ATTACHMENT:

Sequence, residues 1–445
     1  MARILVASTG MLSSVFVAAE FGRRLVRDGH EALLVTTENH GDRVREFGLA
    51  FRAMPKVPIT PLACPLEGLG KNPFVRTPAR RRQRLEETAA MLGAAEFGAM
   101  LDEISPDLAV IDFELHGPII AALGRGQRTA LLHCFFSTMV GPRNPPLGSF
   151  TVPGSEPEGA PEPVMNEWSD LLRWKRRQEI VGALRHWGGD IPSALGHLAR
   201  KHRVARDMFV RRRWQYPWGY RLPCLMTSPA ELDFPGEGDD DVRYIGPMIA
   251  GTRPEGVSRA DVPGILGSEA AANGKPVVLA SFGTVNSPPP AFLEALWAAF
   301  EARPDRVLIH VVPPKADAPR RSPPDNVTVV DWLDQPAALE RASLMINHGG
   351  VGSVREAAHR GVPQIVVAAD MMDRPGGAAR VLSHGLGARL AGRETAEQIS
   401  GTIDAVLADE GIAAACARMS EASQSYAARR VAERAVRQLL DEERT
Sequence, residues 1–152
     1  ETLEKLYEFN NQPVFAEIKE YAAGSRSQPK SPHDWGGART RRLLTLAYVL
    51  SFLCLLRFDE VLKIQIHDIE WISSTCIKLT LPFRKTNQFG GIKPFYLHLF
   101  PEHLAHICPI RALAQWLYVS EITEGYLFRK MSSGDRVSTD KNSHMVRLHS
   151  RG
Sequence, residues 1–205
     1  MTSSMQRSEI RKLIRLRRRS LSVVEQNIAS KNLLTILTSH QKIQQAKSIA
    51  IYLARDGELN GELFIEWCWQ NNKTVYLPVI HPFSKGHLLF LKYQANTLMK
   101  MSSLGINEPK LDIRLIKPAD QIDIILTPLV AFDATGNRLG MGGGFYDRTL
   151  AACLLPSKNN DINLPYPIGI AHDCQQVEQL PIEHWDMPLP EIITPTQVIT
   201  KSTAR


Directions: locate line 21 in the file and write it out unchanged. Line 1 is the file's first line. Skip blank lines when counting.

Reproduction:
   201  KSTAR